If you’re suffering from Endometriosis or experiencing symptoms, always seek medical advice from your doctor for diagnosis and treatment options.
My mother told me that it was all part of being a woman.
2004 to 2008 were four years of heavy periods, days spent in bed, numerous days of school missed and pain that I couldn’t even begin to explain.
Early in 2008 while at home with my sister I was struck down with what could only be described as the worst pain I had ever felt. My insides felt like they were constricted, my back as if it was being stepped on and crushed. I fell to the floor in the foetal position and cried.
My parents rushed me to the hospital where I was pumped with morphine and waited six hours to see a physician.
When one finally saw me I was still doped up on painkillers, was overlooked and told to go home. Three days later an almost mirror attack happened and I ended up back in emergency.
Three hours into my emergency visit and after numerous blood tests, ultra sounds and poking of my abdomen I was placed in a room with a psychiatrist who asked me if the pain I was experiencing was mental and not physical because there was nothing physically wrong with me. “Are you possibly doing it to gain attention from your parents?”
As a 13 year old this was the most distressing thing. Having this pain I couldn’t describe, that was being brushed off as attention-seeking behaviour.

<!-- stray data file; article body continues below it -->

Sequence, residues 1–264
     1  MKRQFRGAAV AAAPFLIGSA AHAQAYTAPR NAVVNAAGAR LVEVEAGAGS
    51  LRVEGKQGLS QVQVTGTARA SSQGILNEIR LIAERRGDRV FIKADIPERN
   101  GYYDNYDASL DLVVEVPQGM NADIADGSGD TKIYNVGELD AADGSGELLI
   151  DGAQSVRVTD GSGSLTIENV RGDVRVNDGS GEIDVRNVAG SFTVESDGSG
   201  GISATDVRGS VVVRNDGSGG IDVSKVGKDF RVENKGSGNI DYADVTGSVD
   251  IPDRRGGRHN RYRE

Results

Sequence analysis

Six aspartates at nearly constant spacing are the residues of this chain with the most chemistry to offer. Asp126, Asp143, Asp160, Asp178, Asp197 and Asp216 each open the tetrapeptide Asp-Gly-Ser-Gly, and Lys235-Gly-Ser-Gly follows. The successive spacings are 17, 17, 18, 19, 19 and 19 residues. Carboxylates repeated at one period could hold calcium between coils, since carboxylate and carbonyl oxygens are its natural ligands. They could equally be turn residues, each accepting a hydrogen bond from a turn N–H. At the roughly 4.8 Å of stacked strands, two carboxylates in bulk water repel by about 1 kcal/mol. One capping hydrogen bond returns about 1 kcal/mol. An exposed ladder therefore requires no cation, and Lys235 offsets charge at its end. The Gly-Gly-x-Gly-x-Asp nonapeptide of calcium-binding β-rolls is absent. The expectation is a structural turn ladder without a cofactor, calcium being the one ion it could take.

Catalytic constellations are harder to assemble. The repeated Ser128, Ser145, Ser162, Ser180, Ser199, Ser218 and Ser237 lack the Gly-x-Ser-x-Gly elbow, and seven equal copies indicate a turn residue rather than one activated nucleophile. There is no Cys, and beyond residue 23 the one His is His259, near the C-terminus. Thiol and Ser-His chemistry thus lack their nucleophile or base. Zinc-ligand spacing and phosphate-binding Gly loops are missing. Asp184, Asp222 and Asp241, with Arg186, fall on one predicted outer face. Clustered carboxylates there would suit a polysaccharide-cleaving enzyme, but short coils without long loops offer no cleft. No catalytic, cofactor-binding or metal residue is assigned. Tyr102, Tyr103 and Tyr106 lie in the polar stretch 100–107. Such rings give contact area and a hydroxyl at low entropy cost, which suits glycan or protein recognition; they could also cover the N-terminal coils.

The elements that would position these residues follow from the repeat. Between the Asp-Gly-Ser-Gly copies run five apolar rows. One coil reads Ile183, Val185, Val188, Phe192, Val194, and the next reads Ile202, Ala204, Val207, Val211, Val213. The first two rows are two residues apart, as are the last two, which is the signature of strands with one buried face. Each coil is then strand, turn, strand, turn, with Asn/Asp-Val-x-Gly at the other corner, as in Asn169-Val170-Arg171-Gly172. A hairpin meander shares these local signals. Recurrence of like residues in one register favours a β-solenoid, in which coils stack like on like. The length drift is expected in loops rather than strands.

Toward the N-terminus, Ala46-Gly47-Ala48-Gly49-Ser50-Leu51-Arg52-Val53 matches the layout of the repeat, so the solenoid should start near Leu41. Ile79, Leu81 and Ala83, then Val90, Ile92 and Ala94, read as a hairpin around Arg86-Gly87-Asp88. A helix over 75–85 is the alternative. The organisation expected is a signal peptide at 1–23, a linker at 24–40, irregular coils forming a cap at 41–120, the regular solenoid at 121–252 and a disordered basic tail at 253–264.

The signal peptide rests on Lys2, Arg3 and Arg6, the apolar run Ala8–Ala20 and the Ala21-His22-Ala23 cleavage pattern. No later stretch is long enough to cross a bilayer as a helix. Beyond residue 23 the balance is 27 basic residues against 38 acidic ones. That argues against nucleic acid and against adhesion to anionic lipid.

Eight hours into this second emergency visit they came to the conclusion it was my appendix and sent me in for my first laparoscopy to find evidence of that diagnosis and remove it.
Waking up post-procedure my mother explained to me that they had found a large amount of blood in my abdomen that was due to a cyst on my ovaries bursting. I was placed on the pill and to everyone else my problem was solved.
My pain and heavy periods still continued even though I was on the pill, I still had my off-days or even weeks, and continued to miss school. But I lived with it.
2010 came around and I again had another attack that mirrored the first two. I tried so hard to over-come it, to not complain because of course it was just my PCOS.
Almost 24 hours and a whole lot of painkillers later, I was still paralysed from my pain, nauseous and close to passing out. My parents took my back for my third emergency visit. After almost twelve hours of sitting in a waiting room hunched over in pain (because they were busy and I was not seen as a priority patient) I was taken in, doped up on morphine and asked once again, “Sweetheart, are there any issues at home that may be causing this pain?”